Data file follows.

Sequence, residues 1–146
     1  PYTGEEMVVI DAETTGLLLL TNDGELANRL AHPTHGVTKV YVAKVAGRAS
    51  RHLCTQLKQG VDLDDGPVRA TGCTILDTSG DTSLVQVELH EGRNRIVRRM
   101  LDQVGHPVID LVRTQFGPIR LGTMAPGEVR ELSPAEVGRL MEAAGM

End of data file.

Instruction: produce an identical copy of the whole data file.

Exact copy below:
Sequence, residues 1–146
     1  PYTGEEMVVI DAETTGLLLL TNDGELANRL AHPTHGVTKV YVAKVAGRAS
    51  RHLCTQLKQG VDLDDGPVRA TGCTILDTSG DTSLVQVELH EGRNRIVRRM
   101  LDQVGHPVID LVRTQFGPIR LGTMAPGEVR ELSPAEVGRL MEAAGM